Pre-heating waste could boost biogas


UK autoclave manufacturer Aerothermal Group announced on 29 October that pre-treating black bag municipal waste in an autoclave before sending it to AD could increase methane generation by over 300% and substantially reduce the amount of material requiring disposal.
The announcement came on the back of new research carried out by Dr. Zhengjian Wang and Dr. Nigel Baily at Aerothermal’s test facility in Poole.
As part of the research, experiments were conducted in triplicate on two waste streams. The first waste stream consisted of a sample of MSW feedstock with large items removed. Tests on this demonstrated how much extra material can go to the AD system as well as the increased gas yield per tonne of material fed to the AD system. The second waste stream was a sample of MSW feed stock used to demonstrate the improvements that autoclaving can achieve on a like-for-like basis.

Testing with and without pre-heating
The two waste samples were each divided into four portions. One portion of each waste was processed each day, four days per week. Fifty percent of each was processed via the autoclave route and the other half was processed via a non-autoclave route.
After loading, the autoclave was initially evacuated using a vacuum pump to remove incondensable gases which were filtered out in activated carbon filter beds. The autoclave was then brought up to pressure and temperature (6.2 bars abs/160ºC) by the injection of steam and when the temperature had equalised throughout the autoclave the load was left to “cook” for 45 minutes.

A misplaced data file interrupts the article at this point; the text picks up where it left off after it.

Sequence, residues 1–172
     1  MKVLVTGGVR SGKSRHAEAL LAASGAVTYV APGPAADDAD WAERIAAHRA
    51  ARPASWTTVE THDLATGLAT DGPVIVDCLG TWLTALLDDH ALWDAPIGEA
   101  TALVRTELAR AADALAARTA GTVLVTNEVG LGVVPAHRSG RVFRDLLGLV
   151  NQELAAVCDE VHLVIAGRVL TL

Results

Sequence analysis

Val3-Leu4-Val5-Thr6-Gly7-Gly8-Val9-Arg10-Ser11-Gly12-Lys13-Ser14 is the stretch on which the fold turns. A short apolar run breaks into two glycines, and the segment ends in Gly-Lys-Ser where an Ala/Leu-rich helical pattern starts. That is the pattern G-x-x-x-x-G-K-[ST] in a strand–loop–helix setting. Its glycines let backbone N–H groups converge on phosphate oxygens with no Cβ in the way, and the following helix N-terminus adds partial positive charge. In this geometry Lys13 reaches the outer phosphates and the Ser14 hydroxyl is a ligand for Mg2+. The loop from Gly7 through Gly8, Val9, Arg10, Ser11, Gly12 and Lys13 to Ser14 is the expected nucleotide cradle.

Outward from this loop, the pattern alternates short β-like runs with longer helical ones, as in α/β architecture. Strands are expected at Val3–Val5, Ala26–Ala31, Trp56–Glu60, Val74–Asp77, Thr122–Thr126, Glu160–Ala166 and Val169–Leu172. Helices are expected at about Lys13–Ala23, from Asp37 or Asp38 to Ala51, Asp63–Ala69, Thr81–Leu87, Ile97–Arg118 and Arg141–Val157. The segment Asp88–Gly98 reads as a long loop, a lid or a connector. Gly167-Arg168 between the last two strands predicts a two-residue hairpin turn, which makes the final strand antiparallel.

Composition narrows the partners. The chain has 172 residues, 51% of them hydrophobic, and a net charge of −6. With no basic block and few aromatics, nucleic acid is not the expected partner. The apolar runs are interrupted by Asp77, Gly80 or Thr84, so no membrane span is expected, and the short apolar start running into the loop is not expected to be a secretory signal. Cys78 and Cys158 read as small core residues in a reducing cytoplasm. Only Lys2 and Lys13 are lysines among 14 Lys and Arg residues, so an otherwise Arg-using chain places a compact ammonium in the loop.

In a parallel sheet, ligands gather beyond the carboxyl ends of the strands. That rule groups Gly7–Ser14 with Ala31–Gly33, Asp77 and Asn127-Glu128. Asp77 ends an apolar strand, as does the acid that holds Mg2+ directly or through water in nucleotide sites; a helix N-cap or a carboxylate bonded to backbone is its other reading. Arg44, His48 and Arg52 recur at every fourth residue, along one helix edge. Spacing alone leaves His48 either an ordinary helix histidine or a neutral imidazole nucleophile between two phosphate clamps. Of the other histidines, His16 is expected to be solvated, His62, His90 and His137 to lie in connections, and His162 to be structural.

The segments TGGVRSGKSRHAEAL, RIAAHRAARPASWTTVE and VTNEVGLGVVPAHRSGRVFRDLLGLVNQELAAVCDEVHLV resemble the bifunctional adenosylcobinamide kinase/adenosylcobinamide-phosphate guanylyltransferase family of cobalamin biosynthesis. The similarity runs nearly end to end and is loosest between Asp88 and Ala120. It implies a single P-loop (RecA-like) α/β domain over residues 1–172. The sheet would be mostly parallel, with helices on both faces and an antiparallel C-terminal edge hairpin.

Twelve cylindrical constantly stirred tank anaerobic digesters, each of which has a working volume of 1.8 litres, were used for this trial. To start the process 1.8 litre of seed inoculums was first added into each digester. When the digesters reached the required temperatures a daily feeding, semi-continuous operating regime was started according to defined organic loading rates.

The results
The biogas production was monitored every day and the gas composition was measured once per week. The pH of the digestate was monitored daily. A weekly composite digestate sample for each single digester was collected and the properties such as DS, VS, ammonia and VFAs were analysed once per week.
Test results on the first waste stream (where large items had been removed) revealed that autoclaving gives a gas yield of about 150m3/tonne which is more than double the target of 65m3/tonne of waste. Autoclaving also greatly increased the fraction of the waste that could be digested, as well as the gas yield from each kilogram of waste sent to the digesters which substantially reduced the amount of material requiring disposal.
Tests on the second (like-for-like) waste stream revealed that autoclaving gives a substantial improvement in gas yield, with similar figures recorded. Both waste streams showed autoclaved materials were less susceptible to the development of high VFA concentrations than un-autoclaved material and steam consumption was in close agreement with predictions.

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